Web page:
Ann Budge’s quest to join the boards of Scottish football’s governing bodies today received staunch backing from the former SFA chief executive Gordon Smith.
The Hearts owner hopes her influence could eventually lead to a place on the SPFL board or SFA professional game board, and Smith believes she would be a worthy candidate.
Budge is keen to show her support for Scottish football though her position as chairwoman at Tynecastle. She is already a member of the SFA council but feels confident her ideas could help the SPFL and the professional game board. Smith sat on the professional game board during his time as SFA chief executive between 2007 and 2010 and feels Budge would be a fine addition at the table.
However, he advised that gaining enough support when it comes to votes could prove challenging for the 67-year-old. She has been involved in football bureaucracy for less than a year after swapping her seat in Tynecastle’s Wheatfield Stand for the directors’ box. Budge paid £2.5million for control of Hearts last summer and Smith cautioned that others at the SFA and SPFL may still see her as too much of a newcomer.
Having made her fortune running her own IT company in Edinburgh, and after overseeing Hearts’ record-breaking Championship title win, Smith believes Budge’s knowledge and business expertise would be useful at the top level of Scottish football. She has shown notable compassion whilst helping Hearts back into the top flight, installing the Living Wage for her employees and brokering a deal to have Save The Children on next season’s kit.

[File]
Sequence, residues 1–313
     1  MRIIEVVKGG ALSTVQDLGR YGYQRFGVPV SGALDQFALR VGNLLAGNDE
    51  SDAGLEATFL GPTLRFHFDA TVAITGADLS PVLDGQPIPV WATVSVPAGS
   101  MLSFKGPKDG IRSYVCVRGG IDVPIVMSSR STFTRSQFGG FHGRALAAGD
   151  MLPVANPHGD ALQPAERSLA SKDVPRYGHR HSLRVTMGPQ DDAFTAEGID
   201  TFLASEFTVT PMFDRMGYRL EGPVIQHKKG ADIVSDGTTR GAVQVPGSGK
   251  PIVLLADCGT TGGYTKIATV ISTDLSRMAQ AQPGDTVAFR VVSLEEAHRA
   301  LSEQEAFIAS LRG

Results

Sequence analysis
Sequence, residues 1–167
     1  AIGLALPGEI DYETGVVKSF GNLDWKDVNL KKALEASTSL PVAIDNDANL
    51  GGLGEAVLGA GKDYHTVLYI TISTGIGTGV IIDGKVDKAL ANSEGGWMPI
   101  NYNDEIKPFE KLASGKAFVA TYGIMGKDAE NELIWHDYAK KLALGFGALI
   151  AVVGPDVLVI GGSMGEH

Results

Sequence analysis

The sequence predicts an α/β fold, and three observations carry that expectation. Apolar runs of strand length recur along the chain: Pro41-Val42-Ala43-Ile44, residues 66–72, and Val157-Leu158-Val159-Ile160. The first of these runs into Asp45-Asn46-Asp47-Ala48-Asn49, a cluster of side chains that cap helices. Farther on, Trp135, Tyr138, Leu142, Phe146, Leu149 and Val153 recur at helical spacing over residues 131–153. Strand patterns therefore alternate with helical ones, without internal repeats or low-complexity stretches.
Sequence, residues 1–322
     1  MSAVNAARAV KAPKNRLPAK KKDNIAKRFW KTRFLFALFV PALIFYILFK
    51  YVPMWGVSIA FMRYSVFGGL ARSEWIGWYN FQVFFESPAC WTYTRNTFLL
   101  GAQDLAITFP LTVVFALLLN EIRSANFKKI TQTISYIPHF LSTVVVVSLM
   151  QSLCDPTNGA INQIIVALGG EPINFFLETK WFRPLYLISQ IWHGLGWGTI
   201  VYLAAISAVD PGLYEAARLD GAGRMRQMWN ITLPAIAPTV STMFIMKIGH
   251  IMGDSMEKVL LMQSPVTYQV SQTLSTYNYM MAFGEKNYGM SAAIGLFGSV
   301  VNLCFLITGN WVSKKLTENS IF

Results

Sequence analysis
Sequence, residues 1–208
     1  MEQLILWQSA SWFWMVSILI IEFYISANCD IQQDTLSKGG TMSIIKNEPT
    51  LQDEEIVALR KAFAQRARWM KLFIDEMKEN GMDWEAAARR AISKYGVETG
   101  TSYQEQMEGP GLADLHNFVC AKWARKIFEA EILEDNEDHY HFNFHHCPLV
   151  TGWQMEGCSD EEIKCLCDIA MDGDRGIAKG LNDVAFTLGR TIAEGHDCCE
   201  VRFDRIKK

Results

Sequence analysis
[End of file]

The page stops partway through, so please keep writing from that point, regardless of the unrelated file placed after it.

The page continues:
“I think it would be a great idea to have Ann Budge on either of those two boards,” he told the Evening News. “I think we should have women involved at that level to show a certain degree of balance and fairness. Ann has come across well in her time with Hearts so far and she has good business acumen, which is very important.
“Football these days is a business and to be involved in that level takes experience of business. Ann Budge has got that. She might not be too experienced when it comes to running football clubs but she’ll have learned a fair deal at Hearts over the last year.
“In particular, the time she’s spent talking to Craig Levein [Hearts’ director of football] and Robbie Neilson [head coach] will have been vital to her and helped her understand how the game works at times. She’s been a football fan all her life and she sees things from that perspective. I think she’s impressed a lot of people so far with how she has handled herself.”
Smith explained that Budge may find opposition in some quarters should she formally seek election to any of the boards, although he does not feel this should dissuade her from doing so. “I think there might be some resistance to someone like Ann Budge getting involved. These boards have members who have been involved in football a long time and she might be seen as a relative newcomer. That could be a hindrance to her.